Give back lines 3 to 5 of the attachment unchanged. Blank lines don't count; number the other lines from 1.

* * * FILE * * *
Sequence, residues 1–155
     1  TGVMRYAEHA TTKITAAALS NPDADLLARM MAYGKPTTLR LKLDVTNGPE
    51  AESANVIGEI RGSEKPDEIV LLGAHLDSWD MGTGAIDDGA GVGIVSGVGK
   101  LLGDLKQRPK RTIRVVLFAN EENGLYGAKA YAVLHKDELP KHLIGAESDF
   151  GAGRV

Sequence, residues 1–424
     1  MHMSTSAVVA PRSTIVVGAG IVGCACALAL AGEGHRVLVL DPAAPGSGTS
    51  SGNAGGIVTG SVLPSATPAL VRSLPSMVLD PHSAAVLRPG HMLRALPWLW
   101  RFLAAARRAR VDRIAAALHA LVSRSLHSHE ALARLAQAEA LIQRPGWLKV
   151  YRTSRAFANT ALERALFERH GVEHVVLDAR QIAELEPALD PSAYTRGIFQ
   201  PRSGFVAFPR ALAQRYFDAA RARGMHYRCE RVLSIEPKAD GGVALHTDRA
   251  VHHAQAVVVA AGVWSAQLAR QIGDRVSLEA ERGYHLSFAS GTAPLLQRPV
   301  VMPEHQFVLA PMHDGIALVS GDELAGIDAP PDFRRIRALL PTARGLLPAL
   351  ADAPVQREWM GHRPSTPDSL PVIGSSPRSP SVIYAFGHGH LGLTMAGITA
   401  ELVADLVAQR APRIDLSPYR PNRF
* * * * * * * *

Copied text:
    51  AESANVIGEI RGSEKPDEIV LLGAHLDSWD MGTGAIDDGA GVGIVSGVGK
   101  LLGDLKQRPK RTIRVVLFAN EENGLYGAKA YAVLHKDELP KHLIGAESDF
   151  GAGRV